primary objective of the meeting, according to PMCPA, appeared to be an interest in allaying UK doctors’ concerns
about switching IBD patients from Remicade to Remsima. The average total cost, including air fare, for those attending the two-day meeting was
£799.73 per person.
PMCPA added: “When
Remsima was launched in the UK (February 2015), clinical data in IBD and
practical clinical experience with biosimilar infliximab was extremely limited.
The Appeal Board further noted Napp’s submission that Norwegian clinics,
however, had used Remsima since early 2014; the position by June 2015 was that
Remsima was used for all new IBD patients nationally and several IBD centres
had switched to 100% Remsima.”
The appeal board, however, said that because of the brevity of
the tours of the two Norwegian hospitals (lasting in total 3.5 hours), and because there was already some UK experience of switching IBD patients from Remicade to the biosimilar
infliximab, “there was no clear and cogent reason for the UK delegates to travel
to Norway for the meeting.”
In June, Napp issued the following corrective statement to attendees of the Norwegian meeting:
Re: Remsima (infliximab): Two day Promotional Meeting for UK healthcare professionals held in Norway – PMCPA CASE AUTH/2795/9/15 & Potential breach of medicines advertising legislation
I am writing to you on behalf of Napp Pharmaceuticals Limited (Napp) as you were a delegate to the meeting held on 11-13th October 2015 in Oslo.
An anonymous complaint from a UK healthcare professional about the meeting was made to the Association of the British Pharmaceutical Industry (ABPI) Prescription Medicines Code of Practice Authority (PMCPA).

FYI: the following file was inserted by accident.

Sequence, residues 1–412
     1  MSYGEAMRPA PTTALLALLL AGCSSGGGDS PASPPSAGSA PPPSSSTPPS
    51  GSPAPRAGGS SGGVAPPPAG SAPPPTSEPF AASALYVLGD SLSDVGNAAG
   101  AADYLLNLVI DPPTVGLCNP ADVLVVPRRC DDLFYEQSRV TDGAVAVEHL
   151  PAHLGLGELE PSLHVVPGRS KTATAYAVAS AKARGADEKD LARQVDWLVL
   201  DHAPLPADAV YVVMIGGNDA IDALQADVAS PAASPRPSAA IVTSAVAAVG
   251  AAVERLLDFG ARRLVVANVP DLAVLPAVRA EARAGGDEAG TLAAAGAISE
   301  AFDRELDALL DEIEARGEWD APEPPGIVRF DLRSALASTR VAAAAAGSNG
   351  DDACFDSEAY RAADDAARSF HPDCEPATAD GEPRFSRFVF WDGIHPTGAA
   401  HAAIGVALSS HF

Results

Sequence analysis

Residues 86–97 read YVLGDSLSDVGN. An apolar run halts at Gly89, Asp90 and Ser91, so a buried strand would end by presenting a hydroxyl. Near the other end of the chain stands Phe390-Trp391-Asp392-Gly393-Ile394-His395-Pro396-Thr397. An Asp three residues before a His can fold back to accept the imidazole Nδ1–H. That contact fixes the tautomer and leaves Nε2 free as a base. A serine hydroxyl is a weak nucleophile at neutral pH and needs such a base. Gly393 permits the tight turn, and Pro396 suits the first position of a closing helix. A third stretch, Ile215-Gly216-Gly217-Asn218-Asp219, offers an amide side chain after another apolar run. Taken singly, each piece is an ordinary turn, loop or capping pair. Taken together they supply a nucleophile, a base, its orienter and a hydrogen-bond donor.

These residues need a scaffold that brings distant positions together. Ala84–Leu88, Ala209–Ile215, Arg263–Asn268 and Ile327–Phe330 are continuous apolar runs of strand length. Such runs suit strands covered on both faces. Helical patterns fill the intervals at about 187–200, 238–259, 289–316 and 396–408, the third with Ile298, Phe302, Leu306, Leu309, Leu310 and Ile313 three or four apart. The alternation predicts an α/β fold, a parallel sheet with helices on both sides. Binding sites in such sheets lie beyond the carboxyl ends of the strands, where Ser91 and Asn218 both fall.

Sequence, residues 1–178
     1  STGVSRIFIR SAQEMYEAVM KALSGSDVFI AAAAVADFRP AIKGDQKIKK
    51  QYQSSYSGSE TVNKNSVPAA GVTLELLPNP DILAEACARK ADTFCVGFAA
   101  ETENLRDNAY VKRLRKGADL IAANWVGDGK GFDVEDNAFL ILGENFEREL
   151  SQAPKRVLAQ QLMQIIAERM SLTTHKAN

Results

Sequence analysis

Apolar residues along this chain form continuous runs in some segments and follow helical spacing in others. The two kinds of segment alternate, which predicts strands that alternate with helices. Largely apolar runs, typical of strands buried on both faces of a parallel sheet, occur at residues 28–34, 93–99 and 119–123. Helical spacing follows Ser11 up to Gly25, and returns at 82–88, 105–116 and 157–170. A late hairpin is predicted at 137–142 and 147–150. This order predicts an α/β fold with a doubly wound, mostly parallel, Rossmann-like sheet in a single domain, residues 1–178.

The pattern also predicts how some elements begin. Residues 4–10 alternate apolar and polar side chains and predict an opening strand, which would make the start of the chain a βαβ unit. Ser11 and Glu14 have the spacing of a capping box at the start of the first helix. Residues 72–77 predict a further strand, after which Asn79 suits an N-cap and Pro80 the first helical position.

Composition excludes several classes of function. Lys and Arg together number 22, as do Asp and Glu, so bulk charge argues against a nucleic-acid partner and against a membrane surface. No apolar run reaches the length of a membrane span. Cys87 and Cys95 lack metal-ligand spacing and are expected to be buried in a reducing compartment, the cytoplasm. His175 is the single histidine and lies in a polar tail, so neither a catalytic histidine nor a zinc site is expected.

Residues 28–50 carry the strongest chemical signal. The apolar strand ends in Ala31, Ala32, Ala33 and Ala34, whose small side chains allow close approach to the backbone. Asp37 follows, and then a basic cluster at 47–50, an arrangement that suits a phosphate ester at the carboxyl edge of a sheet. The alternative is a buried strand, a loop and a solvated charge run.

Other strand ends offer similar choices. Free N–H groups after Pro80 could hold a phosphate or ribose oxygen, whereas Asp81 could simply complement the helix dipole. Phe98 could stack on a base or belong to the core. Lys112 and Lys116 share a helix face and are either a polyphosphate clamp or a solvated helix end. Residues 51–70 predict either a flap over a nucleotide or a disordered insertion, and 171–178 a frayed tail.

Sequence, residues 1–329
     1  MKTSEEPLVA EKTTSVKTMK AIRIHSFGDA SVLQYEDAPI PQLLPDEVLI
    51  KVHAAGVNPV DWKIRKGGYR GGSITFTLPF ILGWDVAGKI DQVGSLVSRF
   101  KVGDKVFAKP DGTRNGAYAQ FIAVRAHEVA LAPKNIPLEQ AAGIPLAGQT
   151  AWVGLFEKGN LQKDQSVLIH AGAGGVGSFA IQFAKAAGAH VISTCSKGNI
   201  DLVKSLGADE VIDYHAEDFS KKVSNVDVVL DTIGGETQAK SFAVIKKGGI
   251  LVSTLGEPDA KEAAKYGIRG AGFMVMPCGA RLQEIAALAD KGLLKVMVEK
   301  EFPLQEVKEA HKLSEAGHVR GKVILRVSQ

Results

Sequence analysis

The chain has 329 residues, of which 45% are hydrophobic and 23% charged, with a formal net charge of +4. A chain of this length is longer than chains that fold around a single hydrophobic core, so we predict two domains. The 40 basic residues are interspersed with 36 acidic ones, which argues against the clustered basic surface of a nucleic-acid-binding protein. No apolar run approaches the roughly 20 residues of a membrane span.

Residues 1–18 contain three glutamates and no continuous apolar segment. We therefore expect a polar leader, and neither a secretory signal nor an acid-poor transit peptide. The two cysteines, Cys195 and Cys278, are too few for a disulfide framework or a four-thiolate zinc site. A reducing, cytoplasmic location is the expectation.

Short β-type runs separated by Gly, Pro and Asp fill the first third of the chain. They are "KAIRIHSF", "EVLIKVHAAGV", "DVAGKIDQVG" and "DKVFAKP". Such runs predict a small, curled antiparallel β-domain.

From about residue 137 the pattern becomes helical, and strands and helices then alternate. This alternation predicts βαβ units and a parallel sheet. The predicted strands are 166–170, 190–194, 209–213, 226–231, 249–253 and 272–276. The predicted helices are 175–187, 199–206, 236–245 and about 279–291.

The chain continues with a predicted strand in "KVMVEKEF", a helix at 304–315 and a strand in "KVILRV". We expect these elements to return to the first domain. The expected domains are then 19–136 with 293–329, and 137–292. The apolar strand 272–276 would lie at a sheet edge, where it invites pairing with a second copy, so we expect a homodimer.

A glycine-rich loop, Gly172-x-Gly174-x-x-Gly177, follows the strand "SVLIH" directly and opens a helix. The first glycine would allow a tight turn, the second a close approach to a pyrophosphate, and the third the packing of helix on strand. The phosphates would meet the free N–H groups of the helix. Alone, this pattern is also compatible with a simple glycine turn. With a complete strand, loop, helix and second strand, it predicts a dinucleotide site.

The complaint was investigated by the PMCPA and Napp was held to have breached the PMCPA Code of Practice (Code). In particular the PMCPA and the subsequent Appeal Board ruled that there was no clear and cogent reason for UK delegates to travel to Norway for the meeting, and that an alternative way could have been found to incorporate the Norwegian learning in to a meeting held in the UK. The Appeal Board considered that whilst the location of the meeting was unacceptable, the aim of the meeting was not unreasonable.
Whilst the PMCPA did not hold that the level of subsistence was excessive, it nevertheless found that holding a two day promotional meeting in Norway without a clear and cogent reason constituted an inducement to prescribe or recommend Remsima, in breach of the Code. The Appeal Board further upheld the ruling by the PMCPA Panel that high standards had not been maintained by Napp.
Napp have been asked to bring this case to your attention by the Medicines & Healthcare products Regulatory Agency. Acceptance of any prohibited benefit or hospitality would be a breach of Regulation 300(4) of the Human Medicines Regulations 2012.
Napp takes its responsibilities under the Code and Regulations very seriously. We recognise the finding of the PMCPA Panel and the Appeal Board that the location of the meeting was not acceptable. Nevertheless we believe Napp acted entirely in good faith and as a respected healthcare professional we sincerely regret having involved you in this matter.”
Tags: Remsima, Remicade, biosimilar, drug promotion, ABPI, PMCPA